Deborah Silver. Woven art
Deborah Silver is a native of Cleveland, Ohio. She discovered her love of weaving while attending the Cleveland Institute of Art, majoring in Fiber and minoring in Drawing.
After a weaving internship, Deborah learned the craft of antique furniture upholstery. She then combined her skills to open her own fiber art business. She worked closely with interior designers, creating site-specific Fiber commissions for private residences, businesses and religious institutions. Her works are in the collections of Montefiore Home and B’nai Jeshuran Congregation in Cleveland, Ohio.
Currently, Deborah designs and weaves pieces that combine her interest in tribal imagery with contemporary faces. Her attraction to ethnographic art began when she served as the program chair of the Cuyahoga Weavers Guild. To create a more diverse curriculum, Deborah obtained grant funding, enabling Gilbert “Bobbo” Ahiagble to travel from Ghana. The master kente cloth weaver spent three weeks in Ohio. He lectured, gave demonstrations and taught workshops using traditional kente cloth looms. This marked the beginning of Deborah’s fascination with tribal art, history and symbolism.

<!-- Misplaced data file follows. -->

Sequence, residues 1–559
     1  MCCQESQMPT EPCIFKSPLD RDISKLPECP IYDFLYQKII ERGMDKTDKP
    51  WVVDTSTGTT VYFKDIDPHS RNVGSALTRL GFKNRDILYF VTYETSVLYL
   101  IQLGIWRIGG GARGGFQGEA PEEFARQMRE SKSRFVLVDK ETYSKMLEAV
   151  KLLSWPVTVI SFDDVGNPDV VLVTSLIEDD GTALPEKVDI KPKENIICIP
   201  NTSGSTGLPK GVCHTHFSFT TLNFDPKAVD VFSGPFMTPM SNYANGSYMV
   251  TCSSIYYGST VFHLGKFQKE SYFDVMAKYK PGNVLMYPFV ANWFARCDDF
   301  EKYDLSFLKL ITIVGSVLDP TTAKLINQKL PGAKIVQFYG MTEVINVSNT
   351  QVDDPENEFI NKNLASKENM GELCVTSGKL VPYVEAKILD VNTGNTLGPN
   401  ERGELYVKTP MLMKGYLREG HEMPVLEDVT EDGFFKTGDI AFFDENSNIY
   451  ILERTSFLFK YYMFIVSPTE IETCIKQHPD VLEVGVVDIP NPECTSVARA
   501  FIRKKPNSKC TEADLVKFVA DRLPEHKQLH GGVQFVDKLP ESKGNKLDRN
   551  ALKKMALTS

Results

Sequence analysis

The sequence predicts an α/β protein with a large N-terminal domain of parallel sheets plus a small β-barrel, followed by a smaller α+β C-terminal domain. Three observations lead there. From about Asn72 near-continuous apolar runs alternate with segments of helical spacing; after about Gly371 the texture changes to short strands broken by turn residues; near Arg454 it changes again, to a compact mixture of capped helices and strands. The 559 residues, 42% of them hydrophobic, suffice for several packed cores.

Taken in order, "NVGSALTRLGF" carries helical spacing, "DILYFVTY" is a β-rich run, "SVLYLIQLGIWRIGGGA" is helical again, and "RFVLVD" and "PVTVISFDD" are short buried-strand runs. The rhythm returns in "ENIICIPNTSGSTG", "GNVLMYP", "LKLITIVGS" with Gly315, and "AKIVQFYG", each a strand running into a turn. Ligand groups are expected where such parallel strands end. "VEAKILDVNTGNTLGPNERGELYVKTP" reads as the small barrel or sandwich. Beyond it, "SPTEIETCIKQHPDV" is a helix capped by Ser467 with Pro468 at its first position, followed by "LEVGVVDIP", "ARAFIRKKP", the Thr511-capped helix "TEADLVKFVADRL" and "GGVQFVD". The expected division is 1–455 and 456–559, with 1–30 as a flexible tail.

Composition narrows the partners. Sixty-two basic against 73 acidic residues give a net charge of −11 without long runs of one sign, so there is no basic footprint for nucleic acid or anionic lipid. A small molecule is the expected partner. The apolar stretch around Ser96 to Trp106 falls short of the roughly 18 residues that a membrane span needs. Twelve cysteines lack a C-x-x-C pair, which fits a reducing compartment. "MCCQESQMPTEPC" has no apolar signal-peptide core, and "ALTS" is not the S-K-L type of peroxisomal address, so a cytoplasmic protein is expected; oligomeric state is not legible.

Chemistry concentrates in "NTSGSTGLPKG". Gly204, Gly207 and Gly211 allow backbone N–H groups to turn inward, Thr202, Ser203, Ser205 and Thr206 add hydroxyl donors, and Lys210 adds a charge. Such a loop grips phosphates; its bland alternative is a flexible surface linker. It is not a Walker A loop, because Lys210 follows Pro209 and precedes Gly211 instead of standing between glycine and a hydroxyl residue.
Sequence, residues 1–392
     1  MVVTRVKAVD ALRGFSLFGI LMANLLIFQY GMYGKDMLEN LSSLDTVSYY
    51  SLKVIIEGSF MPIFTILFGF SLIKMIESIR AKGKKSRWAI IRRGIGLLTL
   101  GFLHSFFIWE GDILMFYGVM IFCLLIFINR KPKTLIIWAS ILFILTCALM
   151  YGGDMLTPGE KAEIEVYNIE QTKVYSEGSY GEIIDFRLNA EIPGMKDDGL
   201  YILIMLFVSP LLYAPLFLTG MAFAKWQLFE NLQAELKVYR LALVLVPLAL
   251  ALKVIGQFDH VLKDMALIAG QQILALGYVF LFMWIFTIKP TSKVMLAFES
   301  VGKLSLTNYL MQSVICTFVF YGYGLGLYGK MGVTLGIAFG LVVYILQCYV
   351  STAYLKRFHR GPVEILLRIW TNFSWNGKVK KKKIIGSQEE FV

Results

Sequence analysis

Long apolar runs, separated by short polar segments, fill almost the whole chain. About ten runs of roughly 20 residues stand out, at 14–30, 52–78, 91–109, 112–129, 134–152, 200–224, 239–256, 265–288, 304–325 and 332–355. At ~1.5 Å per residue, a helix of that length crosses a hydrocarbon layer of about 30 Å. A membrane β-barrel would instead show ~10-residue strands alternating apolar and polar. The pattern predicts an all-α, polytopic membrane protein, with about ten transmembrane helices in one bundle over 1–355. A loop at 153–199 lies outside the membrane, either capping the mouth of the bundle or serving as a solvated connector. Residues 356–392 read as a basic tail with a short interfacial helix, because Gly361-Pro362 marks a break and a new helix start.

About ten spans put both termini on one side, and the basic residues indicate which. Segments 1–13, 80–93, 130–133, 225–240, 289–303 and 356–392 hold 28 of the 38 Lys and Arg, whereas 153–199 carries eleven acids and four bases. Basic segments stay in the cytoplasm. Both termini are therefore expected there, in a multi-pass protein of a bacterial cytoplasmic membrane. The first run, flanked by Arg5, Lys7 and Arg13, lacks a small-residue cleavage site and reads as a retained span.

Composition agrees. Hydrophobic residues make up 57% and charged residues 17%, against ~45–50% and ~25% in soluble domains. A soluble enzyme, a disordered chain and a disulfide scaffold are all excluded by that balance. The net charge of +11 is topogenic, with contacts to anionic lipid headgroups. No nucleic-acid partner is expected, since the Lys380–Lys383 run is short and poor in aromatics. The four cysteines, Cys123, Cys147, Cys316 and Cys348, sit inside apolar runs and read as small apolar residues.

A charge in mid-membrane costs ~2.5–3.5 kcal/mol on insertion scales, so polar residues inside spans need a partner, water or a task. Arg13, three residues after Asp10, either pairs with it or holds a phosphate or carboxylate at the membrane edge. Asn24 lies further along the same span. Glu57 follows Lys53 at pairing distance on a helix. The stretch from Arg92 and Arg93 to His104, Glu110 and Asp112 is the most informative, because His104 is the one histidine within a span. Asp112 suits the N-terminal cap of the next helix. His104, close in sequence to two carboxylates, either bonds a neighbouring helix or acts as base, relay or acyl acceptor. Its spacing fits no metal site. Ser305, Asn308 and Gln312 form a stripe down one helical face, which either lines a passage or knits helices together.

Using a split-shed technique, Deborah has transformed a traditional pattern into a signature method of hand-weaving. All horizontal yarns travel from edge to edge, differentiating this fabric from tapestry. The work is inspired by the increased cross-culturalism in our world, with an emphasis on our collective history.
Deborah’s weavings have been shown in numerous local and national juried exhibitions. In 2015, she received a Cleveland Jewish Arts and Culture Fellowship award. In 2017, she received third prize in the ARTneo national juried competition. In 2018, she received the Complex Weavers Award and First Place at Complexity 2018. Deborah is the recipient of a 2019 Ohio Arts Council Individual Excellence Award.
Deborah is the author of The Technique of Split-shed Weaving, a book that illustrates pictorial weaving using a split shed on four shaft looms. She also lectures and teaches workshops on split-shed weaving. She is married to the painter, Patrick Haggerty. They live happily in a home with too little wall space and too many cats in Cleveland Heights, Ohio.